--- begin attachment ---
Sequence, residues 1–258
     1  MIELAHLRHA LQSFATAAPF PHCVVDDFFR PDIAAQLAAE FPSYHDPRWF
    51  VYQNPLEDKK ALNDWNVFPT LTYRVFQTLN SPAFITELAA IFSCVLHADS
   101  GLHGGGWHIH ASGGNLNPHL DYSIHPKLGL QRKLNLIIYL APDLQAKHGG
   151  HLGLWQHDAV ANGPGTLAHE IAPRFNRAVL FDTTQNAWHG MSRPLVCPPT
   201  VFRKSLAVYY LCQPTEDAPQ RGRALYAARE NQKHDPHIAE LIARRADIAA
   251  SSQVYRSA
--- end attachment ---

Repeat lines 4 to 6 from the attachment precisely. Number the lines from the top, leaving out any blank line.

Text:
   101  GLHGGGWHIH ASGGNLNPHL DYSIHPKLGL QRKLNLIIYL APDLQAKHGG
   151  HLGLWQHDAV ANGPGTLAHE IAPRFNRAVL FDTTQNAWHG MSRPLVCPPT
   201  VFRKSLAVYY LCQPTEDAPQ RGRALYAARE NQKHDPHIAE LIARRADIAA